Without ease of movement, the impact on creative industries will affect the whole UK economy
Two years on from the EU referendum the UK’s political parties must work to ensure ease of movement of international talent. 74% of the UK’s creative industries believe restricting immigration will severely limit their capacity to do business, and there is a growing risk that the UK may crash out of the EU with no deal come March 2019.
The needs of the creative industries are fundamental to the UK economy. They are the fastest growing sector, responsible for 1 in 11 jobs and worth £92bn GVA - more than oil and gas, life sciences, automotive and aerospace industries combined.
John Kampfner, chief executive of the Creative Industries Federation, said:
“Time is fast running out before we formally leave the EU. We must remain an open and welcoming place to live and work, which means having a future immigration system that is flexible and fit for purpose for accessing both EU and international talent.
Without ease of movement, the impact on the UK economy and our position as global creative leaders will be catastrophic. From broadcasters powerless to employ staff with expertise in key export markets and new technologies through to musicians unable to afford visa and equipment costs to play at our summer festivals, the effects will be far-reaching. Self-employed people and freelancers, who make up almost half the creative workforce, simply will not be able to come to work in the UK.
We call for a fair immigration system which will help secure reciprocal ease of movement for UK workers abroad."
Andy Payne OBE, games investor and entrepreneur – AppyNation, Just Flight & Good Shepherd said:
“Two years on and we are seemingly no further forward in resolving the key issues which Brexit has thrown up. The UK has a thriving video games industry and I am directly involved in a number of studios which are world class precisely because they are diverse and hugely talented.
Our teams are international in nature and have come here to work and contribute to our growth because we are an open, welcoming country which encourages entrepreneurs. Indeed many of the EU nationals I work with are worried about the final decisions that will be made that will directly affect their status and their subsequent rights to move and work freely within the EU. Our industry requires ease of movement, and I really hope the UK government appreciates the huge opportunities our sector provides for our young people.”
Alex Beard, Chief Executive of the Royal Opera House, said:
“As we approach Britain’s departure from the EU, access to talent remains a key concern. A significant number of ROH staff are non-British EU citizens.
On occasions when a guest artist is indisposed, we need to act very quickly to identify and fly in a suitable replacement. This can often be at less than 24 hours’ notice, and sometimes sooner. The Royal Opera faces this scenario around twelve times each year. Anything that delays entry to the UK, even by a day or a few hours, would cause the cancellation of a performance and so we are heavily reliant on EU nationals to replace indisposed artists.”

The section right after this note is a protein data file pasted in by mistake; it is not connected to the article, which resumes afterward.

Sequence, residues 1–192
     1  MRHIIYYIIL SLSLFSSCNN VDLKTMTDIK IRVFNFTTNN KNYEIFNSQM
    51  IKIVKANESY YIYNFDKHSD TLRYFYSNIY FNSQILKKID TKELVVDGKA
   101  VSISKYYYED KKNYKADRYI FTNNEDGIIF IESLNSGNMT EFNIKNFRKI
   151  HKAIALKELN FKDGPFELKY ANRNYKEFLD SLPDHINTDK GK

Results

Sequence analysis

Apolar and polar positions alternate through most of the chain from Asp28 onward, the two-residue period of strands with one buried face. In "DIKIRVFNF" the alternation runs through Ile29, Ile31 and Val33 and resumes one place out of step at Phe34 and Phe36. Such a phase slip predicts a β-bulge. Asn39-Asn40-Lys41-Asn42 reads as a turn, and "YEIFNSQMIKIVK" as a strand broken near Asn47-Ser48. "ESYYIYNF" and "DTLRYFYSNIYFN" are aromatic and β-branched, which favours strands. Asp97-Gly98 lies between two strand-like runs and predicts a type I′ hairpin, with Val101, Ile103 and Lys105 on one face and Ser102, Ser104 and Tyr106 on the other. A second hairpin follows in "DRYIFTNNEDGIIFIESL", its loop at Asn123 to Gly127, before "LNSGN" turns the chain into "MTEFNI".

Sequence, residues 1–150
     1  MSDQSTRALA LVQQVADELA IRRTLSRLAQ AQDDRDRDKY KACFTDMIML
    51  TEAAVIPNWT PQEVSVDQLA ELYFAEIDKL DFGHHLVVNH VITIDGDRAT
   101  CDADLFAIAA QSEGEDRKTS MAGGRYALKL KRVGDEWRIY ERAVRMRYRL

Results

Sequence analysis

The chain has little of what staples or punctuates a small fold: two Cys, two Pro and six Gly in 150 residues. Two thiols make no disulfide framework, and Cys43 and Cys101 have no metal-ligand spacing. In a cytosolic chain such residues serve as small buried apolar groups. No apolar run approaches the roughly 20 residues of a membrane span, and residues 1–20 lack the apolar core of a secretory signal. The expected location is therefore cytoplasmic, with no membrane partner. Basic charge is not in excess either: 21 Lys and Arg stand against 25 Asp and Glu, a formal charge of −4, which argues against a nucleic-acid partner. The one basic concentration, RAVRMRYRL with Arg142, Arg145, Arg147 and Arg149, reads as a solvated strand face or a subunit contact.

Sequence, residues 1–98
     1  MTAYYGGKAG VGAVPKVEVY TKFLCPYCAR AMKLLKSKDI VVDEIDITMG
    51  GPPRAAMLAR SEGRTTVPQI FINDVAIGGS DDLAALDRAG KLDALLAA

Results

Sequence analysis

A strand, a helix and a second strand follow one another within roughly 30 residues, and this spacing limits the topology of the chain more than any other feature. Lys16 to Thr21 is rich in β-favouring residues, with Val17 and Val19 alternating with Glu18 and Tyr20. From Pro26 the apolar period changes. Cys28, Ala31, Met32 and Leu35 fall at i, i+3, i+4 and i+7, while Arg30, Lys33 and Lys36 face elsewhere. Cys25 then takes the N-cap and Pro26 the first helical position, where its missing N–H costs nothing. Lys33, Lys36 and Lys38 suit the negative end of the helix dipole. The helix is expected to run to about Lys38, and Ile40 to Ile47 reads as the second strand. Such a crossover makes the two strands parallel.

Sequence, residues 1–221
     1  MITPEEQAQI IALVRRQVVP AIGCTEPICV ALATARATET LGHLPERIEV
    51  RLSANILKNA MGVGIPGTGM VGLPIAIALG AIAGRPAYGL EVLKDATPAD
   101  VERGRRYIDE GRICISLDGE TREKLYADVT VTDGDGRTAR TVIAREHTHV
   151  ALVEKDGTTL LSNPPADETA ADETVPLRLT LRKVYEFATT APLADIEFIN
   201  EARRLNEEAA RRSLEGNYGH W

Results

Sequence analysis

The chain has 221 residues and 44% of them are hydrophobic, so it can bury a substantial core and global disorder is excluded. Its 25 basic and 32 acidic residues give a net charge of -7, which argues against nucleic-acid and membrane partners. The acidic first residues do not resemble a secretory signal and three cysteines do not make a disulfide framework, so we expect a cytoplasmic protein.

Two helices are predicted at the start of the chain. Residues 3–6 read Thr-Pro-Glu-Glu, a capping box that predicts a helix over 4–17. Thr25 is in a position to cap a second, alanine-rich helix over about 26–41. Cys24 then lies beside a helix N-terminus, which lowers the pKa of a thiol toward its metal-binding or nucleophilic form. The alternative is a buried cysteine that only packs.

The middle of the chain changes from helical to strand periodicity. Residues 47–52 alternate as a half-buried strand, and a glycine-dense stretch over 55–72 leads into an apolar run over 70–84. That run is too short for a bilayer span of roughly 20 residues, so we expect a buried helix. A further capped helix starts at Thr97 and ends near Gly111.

Anthony Hudson, founder and director at Hudson Architects, said:
“I have highly valued international employees and I’m concerned for their future with us in the UK. The ease of movement of talent is crucial within our profession, not only to avoid a debilitating skills shortage, but to ensure the UK can continue to benefit from the value that comes with combining our homegrown talent with the varied skills, knowledge and experience of those who have trained and worked in other countries.
From a regional perspective, I want to remain optimistic about our local economy, but a fair immigration system that enables us to access talent from the EU and beyond is vital.”
Alistair Spalding, Artistic Director and Chief Executive of Sadler's Wells Theatre, said:
“Theatre and the performing arts in the UK have earned themselves a global reputation for world-class performances. It’s particularly important that the existing processes required to present and produce this work don’t become more complicated or costly.
Our internationalism is fundamental to our role – we’re a place where the world comes to us and where the breadth and variety of the whole programme reflects the diversity of contemporary society, so the flow of talent on a global scale is of paramount importance to us.”
The Creative Industries Federation calls upon government to recognise the importance that the UK:
- Remain in the customs union and single market, and ensure ease of movement of international talent
- Ensure creative industries can bring in international (including EU) workers for short term projects and on a permanent basis
- Ensure reciprocal access to the EU for UK talent to tour, shoot, perform and provide services
- Ensure quick and flexible access to creative freelancers from across Europe and internationally